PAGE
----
“Shifting the paradigm of rape culture” with Amber Rose

Who is Captain Save-a-Hoe?

Captain Save-a-Hoe, was the persona of Amber Rose, the Slutwalk’s fearless leader and face of the movement, dedicated to, “raising awareness about sexual injustice and gender inequality.”

The well-publicized festival, and march took place on Sunday, Oct.1 at Perishing Square, in Downtown Los Angeles. It featured a pink carpet, “Walk of no same wall”, musical appearances, and an art empowerment show.

The Amber Rose Slutwalk was modeled after protests in Toronto as a result of a police officer telling a group of college women that they shouldn’t dress like sluts if they wanted to avoid sexual assaults. This sparked the first Slutwalk in Toronto in 2011 and 3,000 people came out after organizers planned for a crowd of 200.

The movement has been gaining momentum, especially after Amber Rose started a Slutwalk here in the United States. The Amber Rose Slutwalk is funded by the Amber Rose Foundation, a nonprofit that has several goals: gender equality and to end rape culture, victim blaming, and slut and body shaming.

Amber Rose, born Amber Levonchuck, is a former stripper, model, and reality tv host. She has catapulted to fame after being in Young Jeezy and Kanye West’s music video “Put On”.

Rose created a video with Funny or Die in 2015 called Walk of No Shame to promote her first Slutwalk. In it, she encounters a man who seems to be catcalling her, and instead says she is an inspiration to his daughter. Another stranger inclined to make their opinion known is an initially disapproving old woman who discloses that she herself has had many a romp and had to walk home the next morning. All of this is to say that Rose is no stranger to standing up for herself and other women.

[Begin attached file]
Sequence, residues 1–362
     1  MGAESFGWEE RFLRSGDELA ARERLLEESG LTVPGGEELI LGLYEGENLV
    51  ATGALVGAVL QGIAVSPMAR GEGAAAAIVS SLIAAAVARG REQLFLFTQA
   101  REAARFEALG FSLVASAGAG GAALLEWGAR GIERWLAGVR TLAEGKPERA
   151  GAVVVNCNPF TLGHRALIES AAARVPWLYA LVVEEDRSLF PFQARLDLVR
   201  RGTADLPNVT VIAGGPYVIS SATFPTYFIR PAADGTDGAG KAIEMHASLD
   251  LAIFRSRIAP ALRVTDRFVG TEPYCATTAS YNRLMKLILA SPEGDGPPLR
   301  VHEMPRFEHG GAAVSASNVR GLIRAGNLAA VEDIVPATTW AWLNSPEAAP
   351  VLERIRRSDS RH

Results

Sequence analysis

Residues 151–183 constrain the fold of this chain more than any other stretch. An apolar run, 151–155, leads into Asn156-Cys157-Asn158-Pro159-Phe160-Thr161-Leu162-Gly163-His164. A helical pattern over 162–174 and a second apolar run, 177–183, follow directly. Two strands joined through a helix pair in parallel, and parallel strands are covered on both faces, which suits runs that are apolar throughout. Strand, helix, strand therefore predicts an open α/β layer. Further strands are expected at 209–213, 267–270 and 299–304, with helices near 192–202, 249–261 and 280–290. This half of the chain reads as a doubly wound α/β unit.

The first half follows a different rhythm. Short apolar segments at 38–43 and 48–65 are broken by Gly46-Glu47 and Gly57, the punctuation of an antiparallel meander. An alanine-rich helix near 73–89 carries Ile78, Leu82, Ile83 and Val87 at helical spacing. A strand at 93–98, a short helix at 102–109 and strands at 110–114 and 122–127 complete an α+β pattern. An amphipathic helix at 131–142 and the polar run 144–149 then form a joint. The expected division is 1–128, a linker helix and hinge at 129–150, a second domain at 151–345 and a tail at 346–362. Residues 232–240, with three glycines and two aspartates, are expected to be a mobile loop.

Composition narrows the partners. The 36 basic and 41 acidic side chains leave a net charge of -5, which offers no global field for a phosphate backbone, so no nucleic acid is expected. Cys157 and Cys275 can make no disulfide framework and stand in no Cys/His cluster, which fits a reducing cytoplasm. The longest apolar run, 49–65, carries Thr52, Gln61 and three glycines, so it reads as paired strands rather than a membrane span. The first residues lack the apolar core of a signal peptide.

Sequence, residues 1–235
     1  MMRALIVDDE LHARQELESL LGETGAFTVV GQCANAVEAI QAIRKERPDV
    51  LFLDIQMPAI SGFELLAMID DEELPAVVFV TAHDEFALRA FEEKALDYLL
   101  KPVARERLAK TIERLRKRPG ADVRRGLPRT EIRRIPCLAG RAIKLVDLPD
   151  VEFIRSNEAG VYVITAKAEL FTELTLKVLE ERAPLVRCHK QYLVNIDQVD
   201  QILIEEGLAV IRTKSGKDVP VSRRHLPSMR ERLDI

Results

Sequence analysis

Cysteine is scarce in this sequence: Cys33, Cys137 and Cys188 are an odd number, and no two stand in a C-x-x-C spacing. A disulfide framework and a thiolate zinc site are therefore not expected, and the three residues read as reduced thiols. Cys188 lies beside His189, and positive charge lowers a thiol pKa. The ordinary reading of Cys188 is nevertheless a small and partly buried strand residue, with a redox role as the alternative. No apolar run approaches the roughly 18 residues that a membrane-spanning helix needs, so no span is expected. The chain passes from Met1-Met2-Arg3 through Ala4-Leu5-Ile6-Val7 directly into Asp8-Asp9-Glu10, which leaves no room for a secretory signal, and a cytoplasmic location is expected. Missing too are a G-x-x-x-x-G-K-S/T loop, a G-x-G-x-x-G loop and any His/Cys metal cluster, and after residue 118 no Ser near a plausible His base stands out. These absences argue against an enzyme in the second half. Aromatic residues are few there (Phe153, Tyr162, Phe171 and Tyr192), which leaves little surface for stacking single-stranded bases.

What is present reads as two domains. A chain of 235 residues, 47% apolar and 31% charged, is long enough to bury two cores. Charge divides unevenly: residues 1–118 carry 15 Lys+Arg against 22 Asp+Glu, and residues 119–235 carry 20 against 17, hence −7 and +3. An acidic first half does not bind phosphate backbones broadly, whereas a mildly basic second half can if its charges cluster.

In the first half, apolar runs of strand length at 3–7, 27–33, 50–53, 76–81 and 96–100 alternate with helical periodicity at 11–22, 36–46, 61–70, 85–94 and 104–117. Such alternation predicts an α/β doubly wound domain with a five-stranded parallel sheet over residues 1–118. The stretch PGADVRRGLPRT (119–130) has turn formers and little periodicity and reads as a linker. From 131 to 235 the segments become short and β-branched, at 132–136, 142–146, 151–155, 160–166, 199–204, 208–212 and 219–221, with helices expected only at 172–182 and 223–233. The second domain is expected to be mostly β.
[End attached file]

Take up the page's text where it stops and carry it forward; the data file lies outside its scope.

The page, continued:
Celebrity guests who attended the event included Blac Chyna and Lily Singh, also known as iiSuperwomanii on YouTube. Rupi Kaur, a Canadian poet, read some of her own poetry which have themes of love, loss, abuse, and femininity.

This was the first year Amber Rose had a conference to empower women in their sexuality. Panelists included Dr. Chris Donaghue, a doctor of clinical sexology and human sexuality, Gigi Engle, a writer, sex educator and feminist activist, and Audrey Bellis, who founded #WorthyWomen.

Rape culture is a sociological concept in which rape is normalized due to sex and gender attitudes. Here in the United States, it can be disheartening to see such crimes go unjustly punished. Brock Turner is one example of privilege and rape culture here in the United States. A former Stanford University swimmer, Turner sexually assaulted an unconscious woman and spent only three months behind bars. He exemplified a broken system. Amber Rose’s Slutwalk is one way to get the conversation started on this topic.

At the Slutwalk, many women dress provocatively. Blac Chyna, a celebrity friend of Rose and a former stripper, showed up in a see through glittering mesh dress with a black bra and thong. The purpose of wearing such risque clothing is to dispel the notion that what a woman wears has anything to do with asking to be sexually assaulted.

Projected to have had 20,000 participants, the Slutwalk is engaging more and more people into this conversation. The inclusion of speakers and performers at this year’s events is one way to draw in crowds and further the Amber Rose foundation’s mission.